Nothing in life is free, right? But companies continue to market trials as such to wrangle in curious customers.
It seems simple enough, but those free trial promotions usually mean entering a credit or debit card number in exchange for a service. This is convenient if you actually enjoy the service and plan on using it again in the future, but a number of Americans get trapped and lose money to auto-renewing subscriptions when these trials expire.
Ted Rossman, industry analyst for consumer financial service company Bankrate, told FOX Business, “Nearly 6 in 10 U.S. adults who signed up for a free trial were later charged against their will.”
The figure comes straight from Bankrate’s 2019 online shopping survey last week. It also found that 64 percent of American card holders allow their financial information to be saved when making purchases, despite nearly half of respondents believing it is unsafe to do so.
In the case of free trials, failing to remove a card number or a linked payment account ensures a business has access to your funds.
“Some dishonest businesses make it tough to cancel, hiding the terms and conditions of their offers in teensy type, using pre-checked sign-up boxes as the default setting online, and putting conditions on returns and cancellations that are so strict it could be next to impossible to stop the deliveries and the billing,” the Federal Trade Commission warns consumers on its website.
“Or, the ‘free trial’ might come with a small shipping and handling fee. You think you’re only paying a couple of dollars, but you’re really giving over your credit card information, resulting in much higher charges after the trial.”
Oftentimes, auto-renewing free trials are smaller scale fees that won’t lead to financial ruin. But those numbers add up quickly when counting how much is lost across the country.
The Better Business Bureau identified 36,986 complaints in a study last year that found customers lost $186 on average for the cases that involved monetary loss.
The nonprofit’s study also cited data from the Federal Bureau of Investigation’s Internet Crime Complaint Center that stated 6,151 complaints resulted in a total of $15,262,836 from 2015 to 2017.
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Kayse Kress, a certified financial planner at Physician Wealth Services shared with FOX Business her experience of falling for a free trial promotion in the ’90s for CosmoGirl magazine. She said as a teenager, she didn’t realize the trial was limited to 12 months and was surprised to get a bill at the 18-month mark.
Kress noted that she got to learn her lesson thanks to the rise of ecommerce and apps.
“Digitized banking and automated payments have made it so much easier for companies to start charging for something that a consumer signed up for thinking it was free. I was lucky enough to be notified by mail and phone that this charge was occurring before it went on for too long,” she explained.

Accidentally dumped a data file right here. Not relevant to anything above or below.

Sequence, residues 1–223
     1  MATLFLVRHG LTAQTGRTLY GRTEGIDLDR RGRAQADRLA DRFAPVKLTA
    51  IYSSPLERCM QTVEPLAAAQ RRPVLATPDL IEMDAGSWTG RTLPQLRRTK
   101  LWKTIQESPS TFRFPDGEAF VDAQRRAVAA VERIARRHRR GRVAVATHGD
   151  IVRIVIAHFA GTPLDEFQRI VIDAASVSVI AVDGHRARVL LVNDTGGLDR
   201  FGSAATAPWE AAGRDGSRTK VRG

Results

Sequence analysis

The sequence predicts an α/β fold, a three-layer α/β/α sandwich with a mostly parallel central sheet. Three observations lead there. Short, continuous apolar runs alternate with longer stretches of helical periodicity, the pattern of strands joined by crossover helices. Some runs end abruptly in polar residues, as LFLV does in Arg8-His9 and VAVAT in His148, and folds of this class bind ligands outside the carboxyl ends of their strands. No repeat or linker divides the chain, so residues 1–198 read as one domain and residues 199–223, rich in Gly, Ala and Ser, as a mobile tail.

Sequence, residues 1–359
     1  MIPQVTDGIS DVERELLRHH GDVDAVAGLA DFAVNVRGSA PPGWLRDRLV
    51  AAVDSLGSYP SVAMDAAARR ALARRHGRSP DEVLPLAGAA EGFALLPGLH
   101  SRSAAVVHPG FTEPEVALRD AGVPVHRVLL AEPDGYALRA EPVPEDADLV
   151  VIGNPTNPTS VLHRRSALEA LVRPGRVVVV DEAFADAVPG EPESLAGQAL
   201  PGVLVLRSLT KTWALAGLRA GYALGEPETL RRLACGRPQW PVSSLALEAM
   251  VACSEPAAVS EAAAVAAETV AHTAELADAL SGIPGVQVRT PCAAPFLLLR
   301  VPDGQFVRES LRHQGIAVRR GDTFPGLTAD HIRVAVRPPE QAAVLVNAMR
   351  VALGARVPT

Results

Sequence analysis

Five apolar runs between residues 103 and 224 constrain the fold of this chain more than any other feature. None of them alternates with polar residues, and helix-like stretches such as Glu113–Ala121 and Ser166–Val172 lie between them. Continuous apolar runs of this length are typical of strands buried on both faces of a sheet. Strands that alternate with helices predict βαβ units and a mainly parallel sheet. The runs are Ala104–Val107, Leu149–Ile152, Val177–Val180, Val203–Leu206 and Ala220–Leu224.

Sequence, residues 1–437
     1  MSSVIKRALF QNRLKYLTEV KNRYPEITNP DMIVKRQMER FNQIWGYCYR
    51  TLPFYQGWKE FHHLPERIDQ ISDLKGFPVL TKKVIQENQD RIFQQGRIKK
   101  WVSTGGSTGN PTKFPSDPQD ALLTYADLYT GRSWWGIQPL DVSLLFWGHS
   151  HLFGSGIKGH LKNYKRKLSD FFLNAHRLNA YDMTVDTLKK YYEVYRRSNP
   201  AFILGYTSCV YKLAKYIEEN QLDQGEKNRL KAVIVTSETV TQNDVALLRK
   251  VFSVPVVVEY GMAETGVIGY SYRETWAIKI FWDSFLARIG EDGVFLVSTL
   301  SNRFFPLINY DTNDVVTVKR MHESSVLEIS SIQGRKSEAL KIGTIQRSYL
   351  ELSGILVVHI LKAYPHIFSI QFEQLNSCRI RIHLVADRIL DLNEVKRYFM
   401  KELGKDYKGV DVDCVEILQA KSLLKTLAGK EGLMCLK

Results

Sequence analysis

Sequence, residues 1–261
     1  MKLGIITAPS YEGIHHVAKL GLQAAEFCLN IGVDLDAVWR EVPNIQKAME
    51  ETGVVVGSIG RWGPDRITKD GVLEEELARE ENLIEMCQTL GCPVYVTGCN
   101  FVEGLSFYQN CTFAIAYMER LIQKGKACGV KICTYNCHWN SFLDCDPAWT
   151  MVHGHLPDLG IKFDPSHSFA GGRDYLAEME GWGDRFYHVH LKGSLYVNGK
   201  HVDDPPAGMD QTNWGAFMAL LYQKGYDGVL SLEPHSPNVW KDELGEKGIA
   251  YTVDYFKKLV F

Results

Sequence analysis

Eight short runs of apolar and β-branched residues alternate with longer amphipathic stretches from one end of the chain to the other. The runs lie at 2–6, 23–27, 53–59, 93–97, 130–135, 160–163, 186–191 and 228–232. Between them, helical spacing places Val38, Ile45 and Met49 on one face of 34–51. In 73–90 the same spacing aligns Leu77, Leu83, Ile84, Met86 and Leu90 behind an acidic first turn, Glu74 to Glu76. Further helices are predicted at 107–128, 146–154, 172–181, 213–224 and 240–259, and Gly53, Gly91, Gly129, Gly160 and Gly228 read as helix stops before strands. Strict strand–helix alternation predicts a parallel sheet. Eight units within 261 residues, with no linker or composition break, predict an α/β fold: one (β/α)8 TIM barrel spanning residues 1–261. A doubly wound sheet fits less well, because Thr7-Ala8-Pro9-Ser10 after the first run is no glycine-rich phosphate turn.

Tess Thompson, an outreach specialist at Money Done Right had a similar experience when she was a college student. She had signed up for an account with textbook rental website Chegg and took advantage of the company’s free shipping and discount promotion that came with a week-long trial of homework help.
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Thompson hadn’t realized that she needed to cancel the trial since she wasn’t using Chegg’s online tutoring service. But since the company already had her mother’s credit card number on file for her previous book purchase, Thompson was charged $30 per month.
“When I finally did check the transactions, I saw this random charge over the months that added up to about $90. I was so shocked and really mad because Chegg never contacted or emailed me at all to tell me the free trial was ending,” Thompson told FOX Business. “They never let me know they would be starting the payments. I was a poor college student and $90 was a lot of money for me.”
Luckily, Thompson received a partial refund after contacting Chegg’s customer service, and she said she learned from the experience. Not all customers are successful in getting their money back.
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Laurice Wardini, who is in the process of launching her fashion website ClothedUp, said she lost nearly $200 when her month-long free trial expired for the SEO software service Moz.
“Although this was my mistake because I forgot to cancel, it took a toll since I don’t make much extra income after accounting for bills and rent,” she said.
Managing editor of Expert Insurance Reviews, Leslie Kasperowicz, said she canceled her free trial account with fuboTV at the end of the promotional period, but was still charged.
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“When we contacted customer service, they refused to refund our money, stating that their policy was to refund only if the charge was reported within 24 hours,” Kasperowicz explained.
She added: “Since the charge hadn’t even shown up in our bank account yet, and the account showed no charges in the billing section, giving us no reason to check our bank account, we had no idea we had been charged until well past 24 hours.”
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Individuals who find themselves in a similar situation as Kasperowicz, the Federal Trade Commission urges consumers to report the incident to the organization’s FTC Complaint Assistant. Alternatively, shoppers who have been burned by auto-renewing free trials can contact their local consumer protection agency or file a complaint with the Better Business Bureau.
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